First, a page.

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What is a Sweat Rash?

Tricia Christensen
By
Updated Mar 03, 2024
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Sweat rash is a rash developing when the body heats up and perspires, and the rash is usually caused by some minimal to significant blockage of the sweat glands. Many people know this rash by other names like prickly heat, and medically it’s referred to as miliaria. Mild forms of heat or sweat rash are known as miliaria rubra, but severe forms, which are fortunately rare, are called miliaria profunda.

The type of rash that develops with sweat can differ in location on the body. Very often it appears in patches, usually in parts of the body that are cut off from air, like in between skin folds. Areas under the belly, in the underarms and under the breasts are prime possible rash locations. Usually the rash doesn’t spread, and simply looks like a collection of red whiteheads or blisters, but if the person is severely overheated, the rash could be present on a significant part of the body or in several different large patches.

The reason that sweat rash gets the name prickly heat is because the rash can sting or prickle. Others note it is very itchy and uncomfortable for its duration. The good news for most people is that the rash often resolves in just a couple of days. Treatments recommended could be to wear cool clothing, bathe and pat dry the rash areas, and use a water-based anti-itch cream, if needed. Others find benefit from baby powder or cornstarch to reduce perspiration.

Most suggest that it’s seldom necessary to see a doctor unless the rash is profuse or if the blistering portions of it break open and form scabs on the skin. The latter may be an infection or it could be chickenpox, especially if the rash is not confined to a single area but occurs in spots instead of patches. Any time the rash appears infected, a doctor should be consulted to avoid potential blood infection or cellulitis.

It can be hard to avoid sweat rash, and some people seem more prone than others to getting it. Those in humid areas tend to get it most because these areas cause more perspiration. It doesn’t necessarily have to be hot for the rash to occur, and some people will develop the condition by exercising and perspiring significantly, or if they get a very high fever. Those trying to avoid the rash are advised to use air conditioning, dress for the weather, and employ things like showers to cool down.

A very severe version of this rash called miliaria profunda is usually not best treated at home. This rash may be spread over a larger part of the body, and be white in color instead of the bumpy red of prickly heat. It doesn’t prickle or sting, but instead burns. Due to the great discomfort this more serious form of sweat rash creates, getting medical attention if it occurs is advised.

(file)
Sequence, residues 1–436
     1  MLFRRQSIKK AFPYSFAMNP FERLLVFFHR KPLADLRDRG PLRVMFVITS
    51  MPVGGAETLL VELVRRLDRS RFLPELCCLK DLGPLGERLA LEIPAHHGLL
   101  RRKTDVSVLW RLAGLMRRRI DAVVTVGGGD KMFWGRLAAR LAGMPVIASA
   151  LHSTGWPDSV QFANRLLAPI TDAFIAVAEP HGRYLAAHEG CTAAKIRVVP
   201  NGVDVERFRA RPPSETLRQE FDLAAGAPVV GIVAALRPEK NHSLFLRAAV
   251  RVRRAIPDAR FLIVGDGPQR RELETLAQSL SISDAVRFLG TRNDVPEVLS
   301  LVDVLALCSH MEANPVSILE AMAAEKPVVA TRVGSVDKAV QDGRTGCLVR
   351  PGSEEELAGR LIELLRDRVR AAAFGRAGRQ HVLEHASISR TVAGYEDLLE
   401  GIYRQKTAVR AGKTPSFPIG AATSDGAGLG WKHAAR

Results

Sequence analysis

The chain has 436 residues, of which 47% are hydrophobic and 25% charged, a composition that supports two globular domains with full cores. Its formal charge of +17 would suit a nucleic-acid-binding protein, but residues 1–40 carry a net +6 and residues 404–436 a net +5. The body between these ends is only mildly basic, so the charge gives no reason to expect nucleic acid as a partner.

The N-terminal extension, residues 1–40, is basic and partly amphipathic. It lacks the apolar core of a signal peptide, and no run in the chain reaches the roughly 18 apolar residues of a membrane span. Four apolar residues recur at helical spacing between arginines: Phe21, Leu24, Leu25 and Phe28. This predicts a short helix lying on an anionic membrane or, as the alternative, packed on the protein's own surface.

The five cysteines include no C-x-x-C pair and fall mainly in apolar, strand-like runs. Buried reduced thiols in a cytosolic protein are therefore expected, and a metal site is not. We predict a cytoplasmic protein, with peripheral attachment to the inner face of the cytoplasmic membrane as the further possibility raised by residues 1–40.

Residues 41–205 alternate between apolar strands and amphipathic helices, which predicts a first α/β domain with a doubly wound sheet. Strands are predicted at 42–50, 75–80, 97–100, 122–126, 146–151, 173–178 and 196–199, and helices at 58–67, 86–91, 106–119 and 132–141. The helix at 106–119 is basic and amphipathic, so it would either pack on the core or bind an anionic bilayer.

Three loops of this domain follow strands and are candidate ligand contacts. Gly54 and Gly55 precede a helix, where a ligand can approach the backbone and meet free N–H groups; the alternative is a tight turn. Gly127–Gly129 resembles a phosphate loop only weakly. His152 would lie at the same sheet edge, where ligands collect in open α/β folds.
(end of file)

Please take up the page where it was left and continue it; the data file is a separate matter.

The Health Board is dedicated to providing accurate and trustworthy information. We carefully select reputable sources and employ a rigorous fact-checking process to maintain the highest standards. To learn more about our commitment to accuracy, read our editorial process.
Tricia Christensen
By Tricia Christensen
With a Literature degree from Sonoma State University and years of experience as a The Health Board contributor, Tricia Christensen is based in Northern California and brings a wealth of knowledge and passion to her writing. Her wide-ranging interests include reading, writing, medicine, art, film, history, politics, ethics, and religion, all of which she incorporates into her informative articles. Tricia is currently working on her first novel.
Discussion Comments
By lightning88 — On Jul 23, 2010

@TunaLine -- It certainly sounds like a sweat rash, especially since I'm assuming you run enough to make yourself sweat.

There are a lot of good sweat rash treatment powders and creams out there; I'd say just stop by your local drugstore and pick up some Gold Bond or something.

Just make sure you stay away from anything too oily or thick, that could irritate your skin more and cause other issues.

By TunaLine — On Jul 23, 2010

I often find that my skin gets really red after I go running, and sometimes even kind of burns.

Could this be a sweat rash?

Taking a cool shower seems to help, but I'm not sure if I need something more.

Anybody out there have any advice for me?

By LittleMan — On Jul 23, 2010

I've always found that baby powder works really well for treating a sweat rash, but it can be a bit messy to put on.

You should also make sure that your skin is dry before putting on the powder, otherwise it just gets crumbly and falls off.

Tricia Christensen
Tricia Christensen
With a Literature degree from Sonoma State University and years of experience as a The Health Board contributor, Tricia...
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